There is a kernel of truth to all these explanations. But they overlook the fact that revolutions always happen under very difficult conditions. A politics created under such circumstances must be prepared to deal with these problems rationally. Even within the communist parties at the time there were calls to create a liberated society of individuals coming together of their own free will. On sober reflection then, and to judge by these standards, ‘actually existing socialism’ clearly failed.

But pointing out these adverse circumstances should not give the false impression that the power structures of ‘actually existing socialism’ were based entirely on Lenin’s Bolshevik ideology. ‘Democratic centralism’ does not inevitably lead to Stalinism. In practice, Lenin’s ‘vanguard party’ was indeed the authoritarian rule of professional revolutionaries over their party base. This was for example evident from the fact that opposition was not permitted even within the party, and that the party base was strictly bound to the decisions of the party leadership.

In our view, purges come as no surprise within a party whose central doctrine of Historical Materialism sees itself as the vanguard of inevitable historical change. „Necessary processes“ which stagnate or fail can be explained in two different ways. The first option is that such changes were ultimately not necessary after all. But unfortunately very few took this view, whether Lukács, left communists like Gorter or Pannekoek or Critical Theory. The other explanation starts with a search for the „culprits“ for the failure. This explains the terribly long list of supposed counterrevolutionaries within the Communist Party of the Soviet Union and other countries. In this view of history, it is no surprise that Stalin and company became the biggest murderers of communists in all of history.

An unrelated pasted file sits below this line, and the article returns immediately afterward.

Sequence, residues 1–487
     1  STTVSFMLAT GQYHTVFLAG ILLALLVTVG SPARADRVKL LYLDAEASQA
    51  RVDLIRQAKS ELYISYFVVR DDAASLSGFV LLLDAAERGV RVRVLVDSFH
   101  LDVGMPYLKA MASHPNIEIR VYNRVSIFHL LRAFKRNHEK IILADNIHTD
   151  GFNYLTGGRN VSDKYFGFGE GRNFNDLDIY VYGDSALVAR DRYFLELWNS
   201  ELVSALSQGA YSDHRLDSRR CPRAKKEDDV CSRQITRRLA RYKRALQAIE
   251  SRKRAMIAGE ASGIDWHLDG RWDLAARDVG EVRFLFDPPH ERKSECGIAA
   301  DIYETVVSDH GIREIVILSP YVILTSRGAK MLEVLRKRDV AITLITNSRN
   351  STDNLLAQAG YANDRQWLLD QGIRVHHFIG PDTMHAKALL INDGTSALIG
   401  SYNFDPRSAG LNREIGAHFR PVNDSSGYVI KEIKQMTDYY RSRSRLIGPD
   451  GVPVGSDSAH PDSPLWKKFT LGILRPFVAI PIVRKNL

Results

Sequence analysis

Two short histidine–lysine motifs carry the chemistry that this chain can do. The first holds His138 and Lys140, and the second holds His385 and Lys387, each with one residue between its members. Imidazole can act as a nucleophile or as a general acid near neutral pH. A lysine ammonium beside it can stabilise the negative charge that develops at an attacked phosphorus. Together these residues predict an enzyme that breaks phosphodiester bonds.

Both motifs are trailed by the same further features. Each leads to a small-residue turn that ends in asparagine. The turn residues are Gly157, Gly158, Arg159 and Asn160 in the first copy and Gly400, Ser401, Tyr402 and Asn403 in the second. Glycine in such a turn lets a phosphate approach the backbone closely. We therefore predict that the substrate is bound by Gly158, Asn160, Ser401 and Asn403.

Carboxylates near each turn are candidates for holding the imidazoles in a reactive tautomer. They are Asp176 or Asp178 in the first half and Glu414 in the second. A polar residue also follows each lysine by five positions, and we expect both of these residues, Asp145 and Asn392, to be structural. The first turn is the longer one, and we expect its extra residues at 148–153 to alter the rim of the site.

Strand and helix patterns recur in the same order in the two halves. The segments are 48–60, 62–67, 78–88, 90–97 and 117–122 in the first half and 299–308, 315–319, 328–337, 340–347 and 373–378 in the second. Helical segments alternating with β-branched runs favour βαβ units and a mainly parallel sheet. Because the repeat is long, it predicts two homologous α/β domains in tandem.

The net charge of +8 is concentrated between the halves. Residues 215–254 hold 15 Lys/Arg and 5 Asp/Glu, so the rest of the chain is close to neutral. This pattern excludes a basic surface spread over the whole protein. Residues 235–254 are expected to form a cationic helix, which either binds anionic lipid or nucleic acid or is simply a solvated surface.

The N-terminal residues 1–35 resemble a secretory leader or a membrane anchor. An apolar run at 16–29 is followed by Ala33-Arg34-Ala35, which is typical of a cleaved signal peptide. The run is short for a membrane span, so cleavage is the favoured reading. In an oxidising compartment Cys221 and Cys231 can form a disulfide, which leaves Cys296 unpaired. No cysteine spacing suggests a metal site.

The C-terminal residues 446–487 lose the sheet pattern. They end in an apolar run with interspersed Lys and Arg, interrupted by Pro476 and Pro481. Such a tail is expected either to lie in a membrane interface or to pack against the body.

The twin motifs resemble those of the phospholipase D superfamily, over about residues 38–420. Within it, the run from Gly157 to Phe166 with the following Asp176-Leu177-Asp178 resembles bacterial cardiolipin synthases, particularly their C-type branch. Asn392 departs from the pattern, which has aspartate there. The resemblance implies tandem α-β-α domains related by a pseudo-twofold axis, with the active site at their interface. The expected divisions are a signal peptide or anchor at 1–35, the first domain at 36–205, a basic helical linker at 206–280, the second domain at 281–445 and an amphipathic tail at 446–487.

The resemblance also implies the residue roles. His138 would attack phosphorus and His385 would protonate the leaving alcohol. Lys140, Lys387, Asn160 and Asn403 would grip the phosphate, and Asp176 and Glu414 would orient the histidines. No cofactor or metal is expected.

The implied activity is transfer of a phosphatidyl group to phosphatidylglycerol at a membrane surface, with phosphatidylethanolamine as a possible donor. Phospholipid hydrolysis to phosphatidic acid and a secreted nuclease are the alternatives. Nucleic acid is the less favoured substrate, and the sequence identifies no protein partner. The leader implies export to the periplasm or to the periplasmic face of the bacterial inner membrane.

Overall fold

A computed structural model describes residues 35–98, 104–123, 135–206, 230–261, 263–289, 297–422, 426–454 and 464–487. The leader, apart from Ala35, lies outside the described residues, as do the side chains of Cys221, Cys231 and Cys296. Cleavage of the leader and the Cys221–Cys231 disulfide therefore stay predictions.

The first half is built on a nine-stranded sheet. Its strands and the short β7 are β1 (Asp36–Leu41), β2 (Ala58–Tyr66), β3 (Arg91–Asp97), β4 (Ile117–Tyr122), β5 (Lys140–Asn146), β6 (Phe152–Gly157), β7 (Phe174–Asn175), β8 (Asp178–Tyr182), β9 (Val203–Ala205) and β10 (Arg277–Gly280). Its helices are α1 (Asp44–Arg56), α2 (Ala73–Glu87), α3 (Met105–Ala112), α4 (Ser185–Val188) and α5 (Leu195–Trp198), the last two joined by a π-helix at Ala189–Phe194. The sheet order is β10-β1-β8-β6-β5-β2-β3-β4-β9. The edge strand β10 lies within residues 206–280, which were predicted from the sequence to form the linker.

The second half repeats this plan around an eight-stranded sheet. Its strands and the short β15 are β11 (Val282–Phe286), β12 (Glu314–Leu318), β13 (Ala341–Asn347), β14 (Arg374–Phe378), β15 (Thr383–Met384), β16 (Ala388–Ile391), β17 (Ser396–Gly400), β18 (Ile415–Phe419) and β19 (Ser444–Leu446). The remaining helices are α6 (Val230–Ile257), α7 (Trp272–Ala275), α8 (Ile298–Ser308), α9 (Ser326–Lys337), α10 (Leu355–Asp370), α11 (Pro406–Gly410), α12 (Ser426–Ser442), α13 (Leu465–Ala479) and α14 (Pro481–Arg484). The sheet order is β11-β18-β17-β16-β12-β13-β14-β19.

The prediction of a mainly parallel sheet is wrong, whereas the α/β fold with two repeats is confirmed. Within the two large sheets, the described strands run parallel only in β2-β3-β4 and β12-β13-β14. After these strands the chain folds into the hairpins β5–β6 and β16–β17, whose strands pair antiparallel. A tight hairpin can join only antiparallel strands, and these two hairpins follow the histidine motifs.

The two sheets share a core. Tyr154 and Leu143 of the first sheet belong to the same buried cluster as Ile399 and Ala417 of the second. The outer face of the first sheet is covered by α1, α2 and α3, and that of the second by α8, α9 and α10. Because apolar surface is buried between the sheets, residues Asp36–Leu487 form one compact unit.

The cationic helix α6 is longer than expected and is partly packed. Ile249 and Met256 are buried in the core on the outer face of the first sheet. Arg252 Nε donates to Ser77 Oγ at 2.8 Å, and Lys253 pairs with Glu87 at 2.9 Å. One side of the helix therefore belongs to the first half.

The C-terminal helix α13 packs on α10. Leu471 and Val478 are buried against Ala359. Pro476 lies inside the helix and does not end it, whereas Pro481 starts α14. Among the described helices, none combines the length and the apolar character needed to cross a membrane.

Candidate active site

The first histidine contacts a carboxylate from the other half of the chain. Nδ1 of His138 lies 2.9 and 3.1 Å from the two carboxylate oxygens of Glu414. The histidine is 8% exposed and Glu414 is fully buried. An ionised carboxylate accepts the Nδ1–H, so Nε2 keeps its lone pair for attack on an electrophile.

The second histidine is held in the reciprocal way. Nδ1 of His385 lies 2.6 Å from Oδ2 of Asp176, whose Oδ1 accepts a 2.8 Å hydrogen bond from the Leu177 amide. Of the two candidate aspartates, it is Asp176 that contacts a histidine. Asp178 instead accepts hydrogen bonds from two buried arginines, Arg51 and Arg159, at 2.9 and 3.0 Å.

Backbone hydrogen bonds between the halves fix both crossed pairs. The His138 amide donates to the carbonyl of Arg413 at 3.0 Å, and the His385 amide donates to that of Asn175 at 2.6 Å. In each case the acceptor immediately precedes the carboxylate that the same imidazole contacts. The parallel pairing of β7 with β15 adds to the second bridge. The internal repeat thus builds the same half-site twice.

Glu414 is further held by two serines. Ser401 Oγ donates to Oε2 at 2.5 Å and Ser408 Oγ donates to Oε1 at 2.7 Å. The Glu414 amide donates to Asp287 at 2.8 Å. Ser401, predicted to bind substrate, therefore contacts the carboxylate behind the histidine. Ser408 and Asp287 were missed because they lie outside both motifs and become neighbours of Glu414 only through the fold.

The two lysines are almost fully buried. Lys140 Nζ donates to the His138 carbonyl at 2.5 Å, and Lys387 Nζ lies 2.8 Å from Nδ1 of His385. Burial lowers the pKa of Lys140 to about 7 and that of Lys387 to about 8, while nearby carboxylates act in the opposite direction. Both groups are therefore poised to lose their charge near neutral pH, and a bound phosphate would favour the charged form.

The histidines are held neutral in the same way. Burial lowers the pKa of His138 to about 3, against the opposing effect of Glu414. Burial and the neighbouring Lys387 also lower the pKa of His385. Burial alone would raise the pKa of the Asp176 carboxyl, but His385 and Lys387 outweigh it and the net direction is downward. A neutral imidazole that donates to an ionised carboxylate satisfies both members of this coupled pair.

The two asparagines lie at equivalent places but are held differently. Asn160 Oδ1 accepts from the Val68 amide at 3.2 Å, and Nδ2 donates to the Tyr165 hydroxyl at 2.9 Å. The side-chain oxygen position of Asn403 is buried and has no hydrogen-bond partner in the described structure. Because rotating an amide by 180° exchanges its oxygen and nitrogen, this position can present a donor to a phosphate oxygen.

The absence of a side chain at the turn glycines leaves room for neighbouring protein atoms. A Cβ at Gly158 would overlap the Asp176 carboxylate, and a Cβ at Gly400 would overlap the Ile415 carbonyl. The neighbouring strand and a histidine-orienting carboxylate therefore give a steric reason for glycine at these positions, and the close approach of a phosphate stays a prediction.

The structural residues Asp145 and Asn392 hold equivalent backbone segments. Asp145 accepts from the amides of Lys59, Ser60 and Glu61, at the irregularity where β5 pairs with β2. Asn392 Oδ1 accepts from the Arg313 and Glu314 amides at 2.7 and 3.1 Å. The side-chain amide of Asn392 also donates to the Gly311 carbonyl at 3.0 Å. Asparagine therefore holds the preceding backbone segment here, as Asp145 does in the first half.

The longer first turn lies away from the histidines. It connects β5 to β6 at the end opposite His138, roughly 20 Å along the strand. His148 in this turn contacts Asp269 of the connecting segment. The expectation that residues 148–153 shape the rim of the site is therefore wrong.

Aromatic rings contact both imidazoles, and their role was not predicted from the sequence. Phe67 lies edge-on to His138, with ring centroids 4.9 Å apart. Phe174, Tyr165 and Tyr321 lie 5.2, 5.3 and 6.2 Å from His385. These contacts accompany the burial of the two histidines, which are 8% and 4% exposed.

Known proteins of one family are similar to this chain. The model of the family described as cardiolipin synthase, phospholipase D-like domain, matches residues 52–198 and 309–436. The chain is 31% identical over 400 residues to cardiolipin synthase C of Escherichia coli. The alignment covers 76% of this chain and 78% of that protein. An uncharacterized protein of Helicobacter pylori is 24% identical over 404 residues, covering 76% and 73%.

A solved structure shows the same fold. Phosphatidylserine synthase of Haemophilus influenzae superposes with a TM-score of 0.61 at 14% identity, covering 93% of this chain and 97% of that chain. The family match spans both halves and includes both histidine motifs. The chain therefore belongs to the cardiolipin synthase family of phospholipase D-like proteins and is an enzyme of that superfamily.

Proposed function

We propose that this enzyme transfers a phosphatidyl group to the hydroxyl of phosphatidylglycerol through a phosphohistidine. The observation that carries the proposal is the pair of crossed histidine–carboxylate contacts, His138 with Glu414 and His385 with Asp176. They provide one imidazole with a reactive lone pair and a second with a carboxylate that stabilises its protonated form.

What now?
Even if our reasons for addressing the issue of ‘actually existing socialism’ are entirely different from those of the political mainstream, in our view this project was indeed a catastrophe. But it would be stupid to conclude from this that the search for alternatives isn’t worth the effort. The capitalist system we live under means constant terror. This terror takes the form of war, poverty, and oppression in the so-called ‘developing countries’, but also increasingly in the capitalist metropoles. One doesn‘t even have to mention the 30 000 people that die because of capitalism every day in order to point out that the search for alternatives to this economic system cannot wait one day longer.

For further reading:
- Hermann Gorter/Anton Pannekoek/Sylvia Pankhurst: Non-Leninist Marxism: Writings on the Worker’s Councils

Historical Materialism – an anti-revolutionary theory of revolution

- Arno Lustiger: Stalin and the Jews. 450 p., Enigma Books.

A critique of Khmer Rouge ideology and practice